The capacity of PPNs to be involved in climate action will form a part of that review. The climate action Bill requires local authorities to develop climate action plans for their local areas every five years. These local action plans will bring climate action right into the heart of local communities and the climate action Bill ensures that community members will have a strong voice in those plans. The Bill makes it a requirement, in law, for local authorities to consult their local PPN in forming their local action plan. This is in recognition of the importance of community groups in the challenge that lies ahead and the importance of bringing everyone on board.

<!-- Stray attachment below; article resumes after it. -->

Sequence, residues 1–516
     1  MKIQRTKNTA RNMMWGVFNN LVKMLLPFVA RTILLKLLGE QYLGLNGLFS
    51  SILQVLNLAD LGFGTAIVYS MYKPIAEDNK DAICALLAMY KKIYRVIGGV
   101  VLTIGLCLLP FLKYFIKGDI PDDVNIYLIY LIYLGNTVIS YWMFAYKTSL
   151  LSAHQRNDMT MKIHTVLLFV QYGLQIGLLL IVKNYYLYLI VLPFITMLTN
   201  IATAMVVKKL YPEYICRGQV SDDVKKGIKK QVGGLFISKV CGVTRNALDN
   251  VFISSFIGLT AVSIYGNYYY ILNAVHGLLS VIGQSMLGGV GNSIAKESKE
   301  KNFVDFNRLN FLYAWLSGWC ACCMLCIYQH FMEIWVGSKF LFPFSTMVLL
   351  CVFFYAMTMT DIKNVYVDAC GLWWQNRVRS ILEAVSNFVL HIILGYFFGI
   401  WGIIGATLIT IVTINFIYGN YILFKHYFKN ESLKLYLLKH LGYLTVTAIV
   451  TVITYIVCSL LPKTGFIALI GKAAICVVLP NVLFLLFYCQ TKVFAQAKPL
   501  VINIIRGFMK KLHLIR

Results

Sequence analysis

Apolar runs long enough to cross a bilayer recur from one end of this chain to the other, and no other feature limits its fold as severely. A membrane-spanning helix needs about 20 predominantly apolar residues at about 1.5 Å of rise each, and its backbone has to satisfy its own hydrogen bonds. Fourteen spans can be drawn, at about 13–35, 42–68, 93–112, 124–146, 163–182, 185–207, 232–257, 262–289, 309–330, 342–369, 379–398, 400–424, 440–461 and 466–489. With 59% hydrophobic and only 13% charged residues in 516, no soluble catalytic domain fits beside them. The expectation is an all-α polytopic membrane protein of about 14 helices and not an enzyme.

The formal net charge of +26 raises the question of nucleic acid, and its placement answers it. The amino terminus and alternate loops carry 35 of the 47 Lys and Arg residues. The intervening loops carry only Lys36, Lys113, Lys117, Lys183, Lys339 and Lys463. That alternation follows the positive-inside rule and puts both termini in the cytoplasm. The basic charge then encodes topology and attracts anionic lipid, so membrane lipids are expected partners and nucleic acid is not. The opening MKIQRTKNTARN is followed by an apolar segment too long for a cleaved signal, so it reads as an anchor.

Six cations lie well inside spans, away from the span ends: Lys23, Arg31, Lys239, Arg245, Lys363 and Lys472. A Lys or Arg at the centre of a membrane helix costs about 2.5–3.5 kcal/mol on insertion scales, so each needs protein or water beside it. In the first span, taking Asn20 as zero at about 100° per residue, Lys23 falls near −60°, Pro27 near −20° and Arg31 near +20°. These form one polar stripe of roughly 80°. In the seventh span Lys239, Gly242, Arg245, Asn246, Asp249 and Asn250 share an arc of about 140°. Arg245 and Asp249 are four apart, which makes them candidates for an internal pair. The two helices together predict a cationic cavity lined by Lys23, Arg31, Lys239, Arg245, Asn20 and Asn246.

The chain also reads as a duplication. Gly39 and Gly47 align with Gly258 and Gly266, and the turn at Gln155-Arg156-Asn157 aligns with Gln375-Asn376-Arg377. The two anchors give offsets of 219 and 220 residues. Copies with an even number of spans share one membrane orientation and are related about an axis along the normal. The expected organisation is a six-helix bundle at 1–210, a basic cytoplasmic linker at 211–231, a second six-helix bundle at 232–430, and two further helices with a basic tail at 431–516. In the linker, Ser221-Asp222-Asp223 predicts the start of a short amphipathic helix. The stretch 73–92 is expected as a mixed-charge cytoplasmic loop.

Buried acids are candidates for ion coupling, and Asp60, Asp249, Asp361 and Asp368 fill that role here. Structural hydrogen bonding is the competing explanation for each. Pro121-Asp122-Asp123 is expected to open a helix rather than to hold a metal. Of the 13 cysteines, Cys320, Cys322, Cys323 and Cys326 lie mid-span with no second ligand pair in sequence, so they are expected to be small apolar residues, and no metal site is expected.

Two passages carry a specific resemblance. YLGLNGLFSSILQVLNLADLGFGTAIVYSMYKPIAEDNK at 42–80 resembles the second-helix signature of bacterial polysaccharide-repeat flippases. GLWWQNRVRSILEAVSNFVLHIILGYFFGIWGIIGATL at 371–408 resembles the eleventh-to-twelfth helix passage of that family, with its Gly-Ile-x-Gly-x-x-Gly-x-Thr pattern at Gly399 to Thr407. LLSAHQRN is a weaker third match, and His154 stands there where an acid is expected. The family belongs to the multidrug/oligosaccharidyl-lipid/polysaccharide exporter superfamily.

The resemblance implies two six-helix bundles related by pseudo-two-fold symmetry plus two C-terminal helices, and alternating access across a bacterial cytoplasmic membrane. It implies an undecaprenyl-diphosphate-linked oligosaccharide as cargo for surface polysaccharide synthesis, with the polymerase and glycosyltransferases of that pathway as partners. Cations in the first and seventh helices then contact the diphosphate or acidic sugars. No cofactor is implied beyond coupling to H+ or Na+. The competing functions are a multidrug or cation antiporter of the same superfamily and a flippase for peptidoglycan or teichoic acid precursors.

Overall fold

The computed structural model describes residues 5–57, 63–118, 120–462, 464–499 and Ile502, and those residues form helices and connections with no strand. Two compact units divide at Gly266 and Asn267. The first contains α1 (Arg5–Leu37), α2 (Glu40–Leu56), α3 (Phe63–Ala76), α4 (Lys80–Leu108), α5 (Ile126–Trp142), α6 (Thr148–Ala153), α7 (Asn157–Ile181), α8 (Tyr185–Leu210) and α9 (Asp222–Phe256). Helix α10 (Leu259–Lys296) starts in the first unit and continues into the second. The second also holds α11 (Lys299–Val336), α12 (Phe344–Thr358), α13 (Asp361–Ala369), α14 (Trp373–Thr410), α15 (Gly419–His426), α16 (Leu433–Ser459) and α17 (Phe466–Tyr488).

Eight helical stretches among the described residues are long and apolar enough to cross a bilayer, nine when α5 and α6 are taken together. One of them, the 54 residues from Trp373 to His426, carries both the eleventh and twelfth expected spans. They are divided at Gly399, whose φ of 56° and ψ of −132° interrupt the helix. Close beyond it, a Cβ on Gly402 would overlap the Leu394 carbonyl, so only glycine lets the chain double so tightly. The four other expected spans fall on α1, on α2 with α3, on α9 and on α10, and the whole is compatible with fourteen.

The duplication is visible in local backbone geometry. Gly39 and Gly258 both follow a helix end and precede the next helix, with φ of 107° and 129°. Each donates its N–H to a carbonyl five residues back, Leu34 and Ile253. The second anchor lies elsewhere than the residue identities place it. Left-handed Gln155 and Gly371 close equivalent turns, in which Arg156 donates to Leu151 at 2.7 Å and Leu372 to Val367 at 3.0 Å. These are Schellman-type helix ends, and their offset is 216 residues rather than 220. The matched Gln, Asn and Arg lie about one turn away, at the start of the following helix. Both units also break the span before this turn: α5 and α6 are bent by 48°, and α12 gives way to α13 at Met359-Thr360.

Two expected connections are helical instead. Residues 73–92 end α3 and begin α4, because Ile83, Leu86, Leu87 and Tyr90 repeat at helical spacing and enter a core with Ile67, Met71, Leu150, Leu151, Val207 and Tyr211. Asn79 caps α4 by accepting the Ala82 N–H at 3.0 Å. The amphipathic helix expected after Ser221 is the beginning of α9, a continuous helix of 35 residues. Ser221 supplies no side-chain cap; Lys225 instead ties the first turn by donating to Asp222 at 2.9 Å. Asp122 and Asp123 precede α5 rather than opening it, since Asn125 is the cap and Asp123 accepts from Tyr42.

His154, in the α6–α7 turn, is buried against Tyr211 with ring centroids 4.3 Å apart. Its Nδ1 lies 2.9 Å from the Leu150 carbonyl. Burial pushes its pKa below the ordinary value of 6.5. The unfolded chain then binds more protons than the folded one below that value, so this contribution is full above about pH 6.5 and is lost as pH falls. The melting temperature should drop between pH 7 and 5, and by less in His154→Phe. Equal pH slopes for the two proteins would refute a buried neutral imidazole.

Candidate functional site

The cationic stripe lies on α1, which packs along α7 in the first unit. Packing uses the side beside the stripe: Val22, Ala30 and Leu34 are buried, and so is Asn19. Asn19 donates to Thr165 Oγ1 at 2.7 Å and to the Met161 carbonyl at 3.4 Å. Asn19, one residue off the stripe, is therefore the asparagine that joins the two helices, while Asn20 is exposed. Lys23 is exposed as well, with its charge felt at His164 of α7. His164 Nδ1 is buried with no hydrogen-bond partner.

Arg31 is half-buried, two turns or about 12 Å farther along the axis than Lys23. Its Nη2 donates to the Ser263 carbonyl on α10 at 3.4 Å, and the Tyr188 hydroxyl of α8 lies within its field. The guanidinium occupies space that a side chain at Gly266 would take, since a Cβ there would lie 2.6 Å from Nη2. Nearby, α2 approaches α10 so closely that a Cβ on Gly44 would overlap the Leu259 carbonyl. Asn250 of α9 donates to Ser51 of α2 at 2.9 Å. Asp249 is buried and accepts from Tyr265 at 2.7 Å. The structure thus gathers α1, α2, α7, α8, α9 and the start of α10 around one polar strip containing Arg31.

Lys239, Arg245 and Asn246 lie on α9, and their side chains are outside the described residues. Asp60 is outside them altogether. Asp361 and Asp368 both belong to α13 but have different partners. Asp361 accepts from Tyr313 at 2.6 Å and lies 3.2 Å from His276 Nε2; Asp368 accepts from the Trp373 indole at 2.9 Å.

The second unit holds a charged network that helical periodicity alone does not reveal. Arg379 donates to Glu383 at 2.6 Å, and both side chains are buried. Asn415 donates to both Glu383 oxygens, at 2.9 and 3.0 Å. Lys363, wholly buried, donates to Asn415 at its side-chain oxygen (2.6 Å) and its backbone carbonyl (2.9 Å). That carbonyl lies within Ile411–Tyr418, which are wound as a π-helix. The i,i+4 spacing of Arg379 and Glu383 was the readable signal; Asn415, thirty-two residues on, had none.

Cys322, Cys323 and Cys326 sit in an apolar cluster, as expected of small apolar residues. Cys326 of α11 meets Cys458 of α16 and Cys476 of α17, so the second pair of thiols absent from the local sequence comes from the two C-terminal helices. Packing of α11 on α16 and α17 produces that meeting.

I also have responsibilities in the Department of Social Protection, which recently held its annual social inclusion forum where community and voluntary groups from around the country spoke about the realities of exclusion and poverty. The forum was focused on the implementation of the roadmap for social inclusion which I oversee. The roadmap is up for review next year and I will ensure that concerns about ensuring a just transition are reflected in that review, as they are in the Department's new overall strategy.
In line with Government policy, one of the high-level goals in the new statement of strategy of the Department of Social Protection published last month is to target changes to key social welfare payments to ensure that increases to carbon tax have a progressive impact on the most vulnerable, those contributing to a just transition.